On her 71st birthday, Geer set out to scatter half of her husband’s ashes near Obstruction Point in Olympic National Park in Washington.

Jack, her husband of 34 years, had died in December of a heart attack, and she’d promised to scatter his ashes there and along the Kona coast on the Big Island of Hawaii.

After spreading the ashes, she climbed a hill, hoping to get her bearings, took a fall, and dropped the urn. As dusk settled in, she realized she was lost and her cellphone was useless.

“All my outdoor experience has been hiking on trails with signs, and I hadn’t had experience in total wilderness like that. All I could see is trees. I couldn’t find anything to orient myself with,” she said.

She found a log to sleep beneath and curled up next to Yoda for the first of five nights she’s spend in the wilderness.

Geer spent the next day walking, but became no less lost.

“I did this to myself,” she recalled thinking. “I’m in a dire situation. I have a Hawaiian shirt, no jacket. I had no water bottle, no knife, nothing to start a fire.”

But she had read a lot of books about foraging and survival, and she knew — in addition to finding water and shelter — she needed to keep a positive attitude.

“You have to have something in your head, to keep you motivated and alive,” she said.

By the third day, Geer decided to stop walking, stay in one place and hope for a rescue.

geershelter

She fashioned a shelter near a creek where two logs converged, covering the top with tree branches, moss and bark to keep the cold out. When temperatures at night dropped to the mid-40s, she snuggled up with Yoda.

Geer scavenged currants for food and, after an ant bit her, realized that could work both ways.

“I go, ‘Well, I’ve got a bigger mouth than you,’ so I ate it.”

Yoda, despite being a pretty spoiled dog, adjusted to the wilderness too:
“He would sit on my lap and I had all these flies around me. He would gulp flies right out of the air,” she said.

By then, Geer’s brother, Jack Eng of Seattle, was coming to the realization that his sister was missing. Eng asked police to check on her. They found no trace of her at her Port Angeles home. Two days later, she was officially listed as missing.

On Sunday morning — six days after Geer had left for the park — Eng got word that a National Park ranger on patrol had spotted her vehicle. An air search ensued.

Geer heard a helicopter and climbed up on a log, waving her arms. Rescuers dropped Geer a note telling her to stay put and a few minutes later a rescuer appeared. Because of the rugged terrain, a Coast Guard helicopter was called to haul Geer and Yoda up in a basket.

She was thankful for the rescue efforts, but also gave herself some credit for being a self-reliant sort.

As a child, shortly after World War II, Geer and her family moved to the United States from China. She grew up in a hut in the back of the laundry business her dad owned. At school, she was ridiculed — both for being Asian and being a “tomboy.”

“I had a tough childhood. I learned to discipline myself and to have a positive attitude,” she said. “I was brought up to take care of myself.”

Getting lost in the wilderness taught her a little more.

“When you’re by yourself up in the wilderness with nobody to talk to except your dog, you learn a lot about yourself,” she said.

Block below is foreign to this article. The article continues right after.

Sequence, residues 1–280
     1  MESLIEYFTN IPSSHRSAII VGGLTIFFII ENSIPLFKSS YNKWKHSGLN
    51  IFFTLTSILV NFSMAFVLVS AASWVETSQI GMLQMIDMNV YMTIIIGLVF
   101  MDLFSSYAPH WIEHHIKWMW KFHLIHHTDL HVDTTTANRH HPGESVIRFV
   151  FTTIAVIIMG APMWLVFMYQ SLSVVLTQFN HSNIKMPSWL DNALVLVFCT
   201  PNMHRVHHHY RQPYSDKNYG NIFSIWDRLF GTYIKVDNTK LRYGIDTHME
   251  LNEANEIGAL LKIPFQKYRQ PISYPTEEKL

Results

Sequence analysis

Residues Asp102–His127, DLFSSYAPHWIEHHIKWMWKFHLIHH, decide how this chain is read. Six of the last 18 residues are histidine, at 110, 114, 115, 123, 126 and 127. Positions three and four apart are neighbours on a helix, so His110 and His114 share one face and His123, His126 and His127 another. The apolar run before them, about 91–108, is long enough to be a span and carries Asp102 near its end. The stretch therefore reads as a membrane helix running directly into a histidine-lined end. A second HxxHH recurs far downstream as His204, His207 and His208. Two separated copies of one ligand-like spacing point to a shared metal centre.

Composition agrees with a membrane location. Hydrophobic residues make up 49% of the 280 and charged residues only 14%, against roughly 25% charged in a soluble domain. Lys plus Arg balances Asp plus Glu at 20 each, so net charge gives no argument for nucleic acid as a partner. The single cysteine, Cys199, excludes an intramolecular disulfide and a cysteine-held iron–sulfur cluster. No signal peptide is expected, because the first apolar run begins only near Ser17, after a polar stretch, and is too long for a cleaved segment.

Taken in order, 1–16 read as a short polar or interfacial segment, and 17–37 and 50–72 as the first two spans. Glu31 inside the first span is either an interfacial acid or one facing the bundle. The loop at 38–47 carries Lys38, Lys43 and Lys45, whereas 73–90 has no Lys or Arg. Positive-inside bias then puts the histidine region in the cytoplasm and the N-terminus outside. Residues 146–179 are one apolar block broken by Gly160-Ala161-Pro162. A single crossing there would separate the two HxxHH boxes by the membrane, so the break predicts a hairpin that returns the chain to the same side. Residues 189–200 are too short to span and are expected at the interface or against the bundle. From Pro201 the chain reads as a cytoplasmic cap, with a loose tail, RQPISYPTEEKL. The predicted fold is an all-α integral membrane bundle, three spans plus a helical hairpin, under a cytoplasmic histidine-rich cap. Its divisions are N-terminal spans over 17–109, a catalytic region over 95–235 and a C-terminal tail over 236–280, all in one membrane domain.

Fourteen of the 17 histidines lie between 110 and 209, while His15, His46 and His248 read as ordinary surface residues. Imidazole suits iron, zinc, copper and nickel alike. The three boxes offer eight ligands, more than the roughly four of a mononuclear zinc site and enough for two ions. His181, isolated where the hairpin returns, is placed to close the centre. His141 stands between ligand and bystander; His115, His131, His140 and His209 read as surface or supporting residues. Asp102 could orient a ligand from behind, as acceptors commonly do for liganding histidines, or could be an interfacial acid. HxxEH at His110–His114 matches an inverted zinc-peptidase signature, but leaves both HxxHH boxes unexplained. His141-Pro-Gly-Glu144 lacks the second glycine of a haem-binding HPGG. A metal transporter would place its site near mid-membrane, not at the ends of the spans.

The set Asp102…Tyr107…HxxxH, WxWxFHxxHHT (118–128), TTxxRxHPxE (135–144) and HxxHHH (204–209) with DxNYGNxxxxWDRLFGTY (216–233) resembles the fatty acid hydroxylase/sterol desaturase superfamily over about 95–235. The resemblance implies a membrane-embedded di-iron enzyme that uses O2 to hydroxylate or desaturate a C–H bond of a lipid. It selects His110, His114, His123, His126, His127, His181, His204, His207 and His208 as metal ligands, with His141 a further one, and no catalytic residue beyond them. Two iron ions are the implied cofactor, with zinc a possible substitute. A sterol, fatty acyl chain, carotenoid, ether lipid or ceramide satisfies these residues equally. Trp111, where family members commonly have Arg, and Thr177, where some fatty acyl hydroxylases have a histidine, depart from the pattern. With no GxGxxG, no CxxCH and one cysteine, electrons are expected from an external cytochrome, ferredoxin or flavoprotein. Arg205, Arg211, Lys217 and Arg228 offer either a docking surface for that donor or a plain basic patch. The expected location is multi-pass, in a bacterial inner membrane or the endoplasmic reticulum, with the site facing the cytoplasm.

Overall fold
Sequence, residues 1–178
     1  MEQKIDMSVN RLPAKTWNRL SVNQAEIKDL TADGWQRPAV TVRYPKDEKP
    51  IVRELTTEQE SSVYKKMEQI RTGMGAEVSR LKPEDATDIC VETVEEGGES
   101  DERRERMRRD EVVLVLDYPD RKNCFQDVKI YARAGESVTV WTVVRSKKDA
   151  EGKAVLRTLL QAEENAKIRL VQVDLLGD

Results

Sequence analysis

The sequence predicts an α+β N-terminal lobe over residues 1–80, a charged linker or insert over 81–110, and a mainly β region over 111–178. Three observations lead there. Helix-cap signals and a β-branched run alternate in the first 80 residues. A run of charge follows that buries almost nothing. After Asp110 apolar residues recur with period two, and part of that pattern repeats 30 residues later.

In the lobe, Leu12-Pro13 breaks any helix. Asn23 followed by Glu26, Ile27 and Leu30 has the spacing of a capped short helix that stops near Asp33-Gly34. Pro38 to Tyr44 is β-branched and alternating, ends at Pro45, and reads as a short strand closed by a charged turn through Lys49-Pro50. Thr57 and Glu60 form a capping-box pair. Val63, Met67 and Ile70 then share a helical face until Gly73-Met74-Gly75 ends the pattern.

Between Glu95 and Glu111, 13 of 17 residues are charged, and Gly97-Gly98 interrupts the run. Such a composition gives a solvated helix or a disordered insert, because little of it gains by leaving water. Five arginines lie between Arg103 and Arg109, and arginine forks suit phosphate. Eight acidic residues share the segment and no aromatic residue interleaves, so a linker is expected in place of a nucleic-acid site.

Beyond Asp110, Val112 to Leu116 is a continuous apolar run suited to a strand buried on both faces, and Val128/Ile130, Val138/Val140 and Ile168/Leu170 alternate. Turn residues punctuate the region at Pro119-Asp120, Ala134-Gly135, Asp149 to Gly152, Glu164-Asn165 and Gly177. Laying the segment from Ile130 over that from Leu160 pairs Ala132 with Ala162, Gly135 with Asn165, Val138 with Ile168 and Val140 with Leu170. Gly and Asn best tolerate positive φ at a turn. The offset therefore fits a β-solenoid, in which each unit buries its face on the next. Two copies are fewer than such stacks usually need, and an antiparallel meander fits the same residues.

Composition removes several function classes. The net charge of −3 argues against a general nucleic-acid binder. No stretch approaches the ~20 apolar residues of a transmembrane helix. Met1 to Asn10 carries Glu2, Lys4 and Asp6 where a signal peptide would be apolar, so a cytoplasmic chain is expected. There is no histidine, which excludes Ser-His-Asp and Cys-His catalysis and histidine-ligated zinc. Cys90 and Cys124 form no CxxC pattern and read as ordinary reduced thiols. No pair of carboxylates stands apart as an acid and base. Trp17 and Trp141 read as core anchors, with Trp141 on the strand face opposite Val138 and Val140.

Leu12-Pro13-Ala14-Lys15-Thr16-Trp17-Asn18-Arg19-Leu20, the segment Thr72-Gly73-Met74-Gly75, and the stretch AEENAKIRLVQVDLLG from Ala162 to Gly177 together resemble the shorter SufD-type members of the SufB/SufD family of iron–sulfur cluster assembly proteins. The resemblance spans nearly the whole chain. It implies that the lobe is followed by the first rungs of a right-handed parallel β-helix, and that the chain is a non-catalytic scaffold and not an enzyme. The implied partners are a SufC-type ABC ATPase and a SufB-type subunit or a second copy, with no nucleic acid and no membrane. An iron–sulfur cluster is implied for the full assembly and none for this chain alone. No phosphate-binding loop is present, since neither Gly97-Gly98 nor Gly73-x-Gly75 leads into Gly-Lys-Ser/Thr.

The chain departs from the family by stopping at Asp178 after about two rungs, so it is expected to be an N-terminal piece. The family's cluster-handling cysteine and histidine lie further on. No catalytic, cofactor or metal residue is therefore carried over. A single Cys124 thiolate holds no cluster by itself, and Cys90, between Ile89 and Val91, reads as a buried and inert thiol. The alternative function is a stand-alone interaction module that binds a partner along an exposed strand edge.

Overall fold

She said she felt her late husband’s presence in the woods — but at the same time came to terms with him not being around anymore.

“It’s time to let go and let your own light shine, and stand up,” she said she realized. “This situation forced me. I realized I had to be on my own and move on to my life.”

(Photos: At top, Geer; lower, the shelter she made from fallen trees, moss, bark and tree branches; courtesy of Jack S. Eng, via Seattle Times)

Police believe animal lover died trying to rescue lost poodle

watts2An Indianapolis woman found dead on a river sandbar Saturday may have died while trying to help catch a lost dog

Police and witnesses say Jacqueline “Jackie” Watts, 33, was found in the Flatrock River, where she was last seen chasing a poodle who had gone missing a few days earlier.

The poodle, named Ringo, was also found dead along the river.

Watts dropped her own pets off with a friend in Columbus Friday in preparation for a trip to Washington. Likely, she spotted the missing dog on her way home.

Her car was found with its flashers on and her purse inside, leading to a search of the area along the river.

Crews found her body Saturday morning on a sandbar in the Flatrock River in Columbus, just north of Noblitt Park.

Police say they don’t suspect foul play.

An autopsy completed Monday established that the cause of death was accidental drowning, according to the Bartholomew County Coroner’s Office.

The family of Ringo had posted on social media about his disappearance. They said the poodle had cataracts and was almost deaf.

After finding the body of Watts, police found the body of a small white dog on the river’s banks, just south of Noblitt Park. Police confirmed that it was Ringo with the animal’s owners, according to the Indianapolis Star.

Watts, an esthetician, served as teaching assistant in Indianapolis Public Schools and was known as an animal lover.

“The bottom line is we lost a very special person,” said Columbus Police Lt. Matt Harris. “It’s my understanding that Jackie was the type of person that when there was an animal that was sick, she would take that animal in and provide hospice care… That she was trying to help a lost dog and sadly appears (to have) lost her life doing so, that doesn’t seem out of character for her.”

Family members says she fostered dogs and rabbits. She volunteered with Kentuckiana Boxer Rescue and Indy Claw Animal Rescue.

“She cared deeply about the well-being of animals. If she believed she could help an animal in need, she was going to do so without hesitation,” the family said in a statement. “We know that Jackie gave her life for what she believed in.”